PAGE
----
In addition, I maintained a training program for the senior supervisory personnel in the engineering department. This was used to maintain the knowledge and skills level of the senior enlisted and engineering officers. It was necessary to ensure the safe and effective operation of the engine room and therefore the ability of the ship to support its mission at 100% effectiveness.
In the role of maintenance trainer:
Instructed adult students on topics such as electrical theory, specific machine operations and maintenance.
Maintained and improved instructor guides used for classroom instruction.
Maintained student records.
Where did you gain most of your leadership skills?
I gained experience as the leading electrician in a division of 13 technicians, several of whom outranked me. The chief electrician wanted me to further develop the leadership skills I was showing.
What were the skills which you took from your time in the Navy to working as a Field Service Engineer?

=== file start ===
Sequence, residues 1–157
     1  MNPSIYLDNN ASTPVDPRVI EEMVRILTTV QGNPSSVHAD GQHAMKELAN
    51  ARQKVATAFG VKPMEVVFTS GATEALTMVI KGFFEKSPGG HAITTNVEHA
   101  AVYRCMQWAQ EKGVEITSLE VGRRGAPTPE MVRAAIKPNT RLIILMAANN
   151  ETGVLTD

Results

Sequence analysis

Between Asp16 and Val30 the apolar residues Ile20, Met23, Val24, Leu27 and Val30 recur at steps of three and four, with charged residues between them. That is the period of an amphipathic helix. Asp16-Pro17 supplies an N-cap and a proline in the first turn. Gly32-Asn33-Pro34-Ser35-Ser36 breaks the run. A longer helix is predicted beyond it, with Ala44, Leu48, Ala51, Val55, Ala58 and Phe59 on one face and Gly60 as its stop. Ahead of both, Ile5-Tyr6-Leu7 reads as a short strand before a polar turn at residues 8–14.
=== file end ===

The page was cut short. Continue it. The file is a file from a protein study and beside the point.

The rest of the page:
Ability to carry out electrical repairs with limited resources
Use of digital multi-meters, oscilloscopes, calibration equipment.
Able to read electrical/pneumatic/hydraulic/mechanical prints
Basic hand tool use
Quality assurance and technical writing
Ability to be flexible with regards to accepting any situation and rolling with it to get the job done
Ex Forces/Military people working as Field Engineers
There are a lot of ex forces/military people working as field engineers. Why do you think this is the case?
The role of a FSE (Field Service Engineer) can be very demanding at times. It requires:
a lot of hours
dedication to seeing a job through to the end despite the various and sometimes numerous obstacles
Most who served in the forces have served away and sometimes with limited resources.
Most of us have learned to work many hours as the need dictates in our previous role. So, working hard, and working smart are not new to us.
We are used to both working together as teams and separately as needed based on the individual jobs and the situation requires.
The military can also instil a strong work ethic, in that, other people are counting on you to do your job correctly and on time in order to complete their missions and safeguard their lives.